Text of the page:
Doctor insights on:
Does Carbon Dioxide Cause Tooth Decay
No: There is a feed back system at work. It is the co2 (carbon dioxide) levels in the blood that drive the breathing center in the brain. When you hyperventilate, you may decrease the co2 in the lungs which reduce some of the level in the blood which will then cause that breathing center to decrease the rate of breathing (hyperventilation). Ultimately hyperventilation can dec co2 only so much. ...Read more
How does increase amount of the carbon dioxide in the blood affect kidney and causes renal failure?
Carbon Dioxide: Good question. Your kidneys have many functions. One is to maintain ph balance. When your body accumulates too much carbon dioxide (co2) your kidneys work to eliminate it. Co2 makes your body more acidic. The acidity not only makes your kidneys work harder, but it also makes all body functions less efficient. Over time this can cause kidney failure. This is not a common cause of kidney failure. ...Read more
Loss or acidosis:
Loss of carbon dioxide (as carbon dioxide) can occur in anything that makes you breathe heavily for a long period of time. (being on a ventilator as one example). Loss through the kidney with diuretics sometime.
Mostly, CO2 is in the form of bicarbonate (sodium bicarbonate). This is removed by acidity which occurs in serious organ failure (sepsis, kidney failure, etc.) ...Read more
Passed out briefly w/ auditory hallucination, blurry peripheral vision foggy mind for past week, bloodwork ok but carbon dioxide level 19. Causes?
We are much better at answering what DID NOT cause such an event than what did.
Follow your doctor's recommendations regarding referrals for such things as cardiology and neurology referral. If your doctor is saying that these aren't indicated, I'd ask him/her what the diagnosis is to explain this event. ...Read more
My vitamin d level in the toxic range, no supplements. Calcium level, 10.3, Carbon dioxide critically low at 14. 31/F. Possible Causes?
Too few details-many: More needed for better assistance. Plasma vitamn D typically called "normal" from 30 ng/mL (bottom 2%) to 100 ng/mL (top 2%) of small sample groups. High levels long a theoretical concern yet no clinical trials have verified this valid. Plasma calcium called "normal" from 8.5-10.2 mg/dL (again 2% to 98% sample group). If one breathes more rapidly, CO2 falls; slowly, CO2 rises. Http://goo. Gl/Blh6rW ...Read more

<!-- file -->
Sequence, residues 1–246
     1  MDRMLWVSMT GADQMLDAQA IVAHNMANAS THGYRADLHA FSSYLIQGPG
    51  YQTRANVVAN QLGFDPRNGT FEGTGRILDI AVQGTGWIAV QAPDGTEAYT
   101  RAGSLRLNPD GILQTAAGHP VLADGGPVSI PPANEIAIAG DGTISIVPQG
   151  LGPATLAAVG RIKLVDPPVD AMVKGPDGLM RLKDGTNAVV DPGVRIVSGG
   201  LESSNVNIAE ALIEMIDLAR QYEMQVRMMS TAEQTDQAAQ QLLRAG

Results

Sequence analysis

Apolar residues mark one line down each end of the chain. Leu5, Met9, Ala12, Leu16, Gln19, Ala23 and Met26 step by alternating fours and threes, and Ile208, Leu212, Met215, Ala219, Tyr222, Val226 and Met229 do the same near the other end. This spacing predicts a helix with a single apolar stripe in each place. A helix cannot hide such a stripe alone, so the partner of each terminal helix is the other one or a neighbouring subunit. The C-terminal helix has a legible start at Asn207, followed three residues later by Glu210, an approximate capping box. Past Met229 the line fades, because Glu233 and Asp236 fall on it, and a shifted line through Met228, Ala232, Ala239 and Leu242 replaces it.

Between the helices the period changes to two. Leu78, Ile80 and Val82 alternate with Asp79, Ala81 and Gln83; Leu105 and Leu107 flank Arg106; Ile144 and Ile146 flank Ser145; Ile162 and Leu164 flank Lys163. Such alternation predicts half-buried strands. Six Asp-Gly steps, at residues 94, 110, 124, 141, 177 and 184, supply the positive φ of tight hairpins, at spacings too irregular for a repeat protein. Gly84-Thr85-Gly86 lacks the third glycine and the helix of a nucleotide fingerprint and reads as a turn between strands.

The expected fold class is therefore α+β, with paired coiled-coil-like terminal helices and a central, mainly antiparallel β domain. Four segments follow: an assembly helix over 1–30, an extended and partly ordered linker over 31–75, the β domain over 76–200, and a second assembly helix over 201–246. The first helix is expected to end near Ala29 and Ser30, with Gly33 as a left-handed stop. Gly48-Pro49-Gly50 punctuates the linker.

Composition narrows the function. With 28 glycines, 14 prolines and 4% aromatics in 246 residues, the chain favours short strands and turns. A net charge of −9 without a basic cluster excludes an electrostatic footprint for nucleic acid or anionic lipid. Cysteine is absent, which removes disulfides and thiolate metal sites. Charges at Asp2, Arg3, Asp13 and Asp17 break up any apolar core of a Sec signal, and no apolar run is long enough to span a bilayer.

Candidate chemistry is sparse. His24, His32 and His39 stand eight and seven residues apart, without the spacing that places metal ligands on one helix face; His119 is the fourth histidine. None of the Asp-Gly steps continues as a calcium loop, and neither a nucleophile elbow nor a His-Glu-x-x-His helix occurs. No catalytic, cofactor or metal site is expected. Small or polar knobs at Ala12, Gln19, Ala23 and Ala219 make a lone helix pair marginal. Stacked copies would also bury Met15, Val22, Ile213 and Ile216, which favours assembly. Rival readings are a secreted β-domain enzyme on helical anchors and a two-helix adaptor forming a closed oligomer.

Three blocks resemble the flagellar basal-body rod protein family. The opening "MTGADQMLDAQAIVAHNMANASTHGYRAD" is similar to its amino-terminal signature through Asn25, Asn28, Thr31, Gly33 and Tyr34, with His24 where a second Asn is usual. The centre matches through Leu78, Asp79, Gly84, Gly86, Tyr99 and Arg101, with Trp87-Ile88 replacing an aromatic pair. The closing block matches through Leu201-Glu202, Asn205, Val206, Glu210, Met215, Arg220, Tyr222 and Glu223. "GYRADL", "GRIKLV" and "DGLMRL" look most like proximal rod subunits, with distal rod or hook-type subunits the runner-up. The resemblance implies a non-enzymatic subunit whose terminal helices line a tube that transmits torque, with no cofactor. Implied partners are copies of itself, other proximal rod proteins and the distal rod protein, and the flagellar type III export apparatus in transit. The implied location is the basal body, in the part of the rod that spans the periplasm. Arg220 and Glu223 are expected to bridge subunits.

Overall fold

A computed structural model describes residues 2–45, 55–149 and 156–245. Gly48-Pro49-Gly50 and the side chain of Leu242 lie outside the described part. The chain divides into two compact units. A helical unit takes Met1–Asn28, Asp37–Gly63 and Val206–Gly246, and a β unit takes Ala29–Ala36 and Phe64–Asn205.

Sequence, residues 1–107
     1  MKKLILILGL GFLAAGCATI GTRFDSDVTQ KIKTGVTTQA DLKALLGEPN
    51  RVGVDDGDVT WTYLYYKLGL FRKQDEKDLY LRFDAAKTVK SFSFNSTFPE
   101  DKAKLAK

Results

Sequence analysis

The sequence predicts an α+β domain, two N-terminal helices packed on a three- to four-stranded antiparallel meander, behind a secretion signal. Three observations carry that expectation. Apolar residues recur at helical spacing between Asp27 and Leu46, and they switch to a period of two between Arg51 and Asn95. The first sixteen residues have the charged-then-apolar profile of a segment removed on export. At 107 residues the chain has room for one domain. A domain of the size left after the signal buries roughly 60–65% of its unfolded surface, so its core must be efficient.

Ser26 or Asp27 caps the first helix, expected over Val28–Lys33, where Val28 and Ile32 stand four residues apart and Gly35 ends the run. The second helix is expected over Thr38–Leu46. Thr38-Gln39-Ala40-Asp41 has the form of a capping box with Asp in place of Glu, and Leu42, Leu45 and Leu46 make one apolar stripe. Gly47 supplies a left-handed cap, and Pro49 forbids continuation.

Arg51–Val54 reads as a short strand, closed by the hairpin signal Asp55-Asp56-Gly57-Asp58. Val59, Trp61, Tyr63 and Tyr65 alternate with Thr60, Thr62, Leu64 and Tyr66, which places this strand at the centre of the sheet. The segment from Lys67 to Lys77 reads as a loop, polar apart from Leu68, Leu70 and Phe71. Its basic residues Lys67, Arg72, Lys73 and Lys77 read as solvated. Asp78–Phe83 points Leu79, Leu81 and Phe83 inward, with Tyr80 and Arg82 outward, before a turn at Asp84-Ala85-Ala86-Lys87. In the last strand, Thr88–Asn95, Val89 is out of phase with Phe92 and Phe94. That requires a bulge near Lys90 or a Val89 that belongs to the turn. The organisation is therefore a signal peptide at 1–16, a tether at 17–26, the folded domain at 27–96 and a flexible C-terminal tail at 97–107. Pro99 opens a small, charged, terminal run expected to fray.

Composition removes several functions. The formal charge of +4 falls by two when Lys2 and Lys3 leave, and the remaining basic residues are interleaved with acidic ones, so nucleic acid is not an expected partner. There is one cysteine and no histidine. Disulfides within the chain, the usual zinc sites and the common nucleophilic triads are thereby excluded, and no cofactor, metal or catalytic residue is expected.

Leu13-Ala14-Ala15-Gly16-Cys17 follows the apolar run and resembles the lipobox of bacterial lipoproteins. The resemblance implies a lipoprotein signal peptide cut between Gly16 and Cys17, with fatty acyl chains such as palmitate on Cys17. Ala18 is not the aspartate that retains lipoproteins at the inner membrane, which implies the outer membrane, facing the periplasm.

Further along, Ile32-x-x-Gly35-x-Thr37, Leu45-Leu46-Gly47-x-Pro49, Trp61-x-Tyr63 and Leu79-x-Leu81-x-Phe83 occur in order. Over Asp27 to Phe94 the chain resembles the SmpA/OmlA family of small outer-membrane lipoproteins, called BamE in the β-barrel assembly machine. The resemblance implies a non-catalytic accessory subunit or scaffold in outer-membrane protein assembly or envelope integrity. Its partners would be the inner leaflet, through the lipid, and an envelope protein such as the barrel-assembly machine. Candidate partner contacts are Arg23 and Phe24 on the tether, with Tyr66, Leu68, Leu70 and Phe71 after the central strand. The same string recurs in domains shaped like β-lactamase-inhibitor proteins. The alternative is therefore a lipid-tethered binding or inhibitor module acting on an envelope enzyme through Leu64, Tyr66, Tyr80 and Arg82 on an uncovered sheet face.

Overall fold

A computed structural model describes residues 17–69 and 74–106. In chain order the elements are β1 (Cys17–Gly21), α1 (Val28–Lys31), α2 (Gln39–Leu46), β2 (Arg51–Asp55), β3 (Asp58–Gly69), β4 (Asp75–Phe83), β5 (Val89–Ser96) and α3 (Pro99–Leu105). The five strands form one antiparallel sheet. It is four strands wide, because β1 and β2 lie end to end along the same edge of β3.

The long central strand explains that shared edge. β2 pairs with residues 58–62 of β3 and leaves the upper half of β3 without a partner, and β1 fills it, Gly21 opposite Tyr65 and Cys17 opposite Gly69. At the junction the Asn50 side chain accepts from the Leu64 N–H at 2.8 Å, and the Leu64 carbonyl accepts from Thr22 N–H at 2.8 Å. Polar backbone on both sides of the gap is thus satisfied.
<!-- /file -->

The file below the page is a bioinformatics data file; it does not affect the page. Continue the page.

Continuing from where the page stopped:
Absolutely: There are a whole host of medical problems that can arise from allowing dental issues to go untreated. Everything from an increased risk of heart disease, difficulty controlling blood sugar levels, and of course the possibility of infection. Don't let dental problems go untreated! ...Read more
Food: Your attention to your hygiene is as important to your dental health as what you eat.. ...Read more
Bacteria: Tooth decay is caused when the bacteria in plaque are exposed to sugars and metabolize the sugars into acid. Plaque is sticky and concentrates the acid onto the enamal of your teeth which dissolves it creating a cavity. Plaque without sugar or starch wil not cause decay. Sugar without plaque will not cause decay. Acid alone, like lemons, will dissolve enamal and can cause decay, . ...Read more
Possibly yes: Dry mouth can greatly increase your chance of developing dental decay. If you are an alcoholic, then you experience dry mouth. If you binge drink, then you will notice that you have dry mouth the following morning. ...Read more
Tooth Decay: Too much emphasis is placed on sugar being the cause of tooth decay. All sources of carbohydrates cause tooth decay! The stickiness and concentration of sugars determines how cariogenic the food may be. The true cause of decay specially in toddlers is the lack of daily dental home care by parents. It is not like a stinky dipper screaming to be change. You as parent must make it a priority. ...Read more
Bacteria: Tooth decay is caused by bacteria living in your mouth. The bacteria use carbohydrates (sugars) to produce acids which breakdown the surface of the tooth. This breakdown is tooth decay. Keep in mind, it is not how much sweet things you eat but how often you eat them that affect tooth decay. ...Read more
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